CFPB symposium: How to implement UDAAP?

The Consumer Financial Protection Bureau recently held the first of a series of planned symposia on various regulatory themes, including a panel on how to practically implement the abusive standard.

Editor’s note: This is the second in a two-part series. Click here for part one.

The Consumer Financial Protection Bureau recently held the first of a series of planned symposia on various regulatory themes. The first topic addressed was “unfair, deceptive, or abusive acts or practices”.

The symposium featured one panel addressing policy issues relating to the abusive standard and another panel examining how the abusive standard has been used in practice. The second panel focused on the definition of “abusive” in UDAAP proceedings.

Some members of the panel felt that there was no need for any further clarification. Using only the statutory language and the secondary sources such as court findings and CFPB enforcement actions, some panelists felt that “abusive” had a definition that was clear enough for regulated entities. These panelists noted that no court has ever gone beyond the statutory language when evaluating the questions of “abusive.”

Other panelists disagreed, noting that the vast majority of court cases that have addressed the issue have resulted in motions to dismiss. Such a dismissal does not address the merits of a case. Similarly, most CFPB enforcement actions end in a consent order, where the court merely accepts the terms of the two parties without ruling on the merits. This, the panelists claimed, is far short of hearing a court’s considered opinion.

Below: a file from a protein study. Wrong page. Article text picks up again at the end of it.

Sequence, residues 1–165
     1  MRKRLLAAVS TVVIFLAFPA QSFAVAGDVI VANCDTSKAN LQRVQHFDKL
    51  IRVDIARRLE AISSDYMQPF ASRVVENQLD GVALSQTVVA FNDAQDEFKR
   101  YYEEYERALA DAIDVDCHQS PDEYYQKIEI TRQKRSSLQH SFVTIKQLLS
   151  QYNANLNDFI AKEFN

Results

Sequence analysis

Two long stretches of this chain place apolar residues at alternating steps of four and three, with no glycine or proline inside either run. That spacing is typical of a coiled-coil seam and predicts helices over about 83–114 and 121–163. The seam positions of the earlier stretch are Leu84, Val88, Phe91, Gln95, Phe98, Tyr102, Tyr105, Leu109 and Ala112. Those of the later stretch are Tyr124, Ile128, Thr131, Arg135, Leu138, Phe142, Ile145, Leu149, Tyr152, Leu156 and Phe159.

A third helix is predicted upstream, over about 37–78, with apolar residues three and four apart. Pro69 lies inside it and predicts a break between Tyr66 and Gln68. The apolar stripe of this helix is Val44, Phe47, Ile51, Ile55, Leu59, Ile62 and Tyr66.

It was also noted that there are very few cases that allege abusive acts and practices but don’t allege deceptive and misleading acts and practices, making it difficult to differentiate the terms through court decisions. When courts do speak to the merits on questions of “abusive” conduct in a way that would add clarity, it is typically when a federal regulatory agency such as the CFPB loses. Regulatory agencies are unlikely to file in federal court unless they are confident of prevailing, thus limiting the options for the courts to contribute.

One panelist noted that while “deceptive” and “unfair” have clear meanings, “abusive” seems to be used as a catch-all to be used when the bureau encounters a policy or product that it doesn’t like but can’t be neatly described as “deceptive” or “unfair.” This, he said, has led to accusations that the bureau is engaging in “regulation by enforcement.” He said compliance officers should be considered extensions of the bureau disseminating information. More clarity, he noted, would allow these professionals to have a stronger hand in discussions with their business counterparts about why specific actions are and are not advisable.

Fredrikson & Byron Law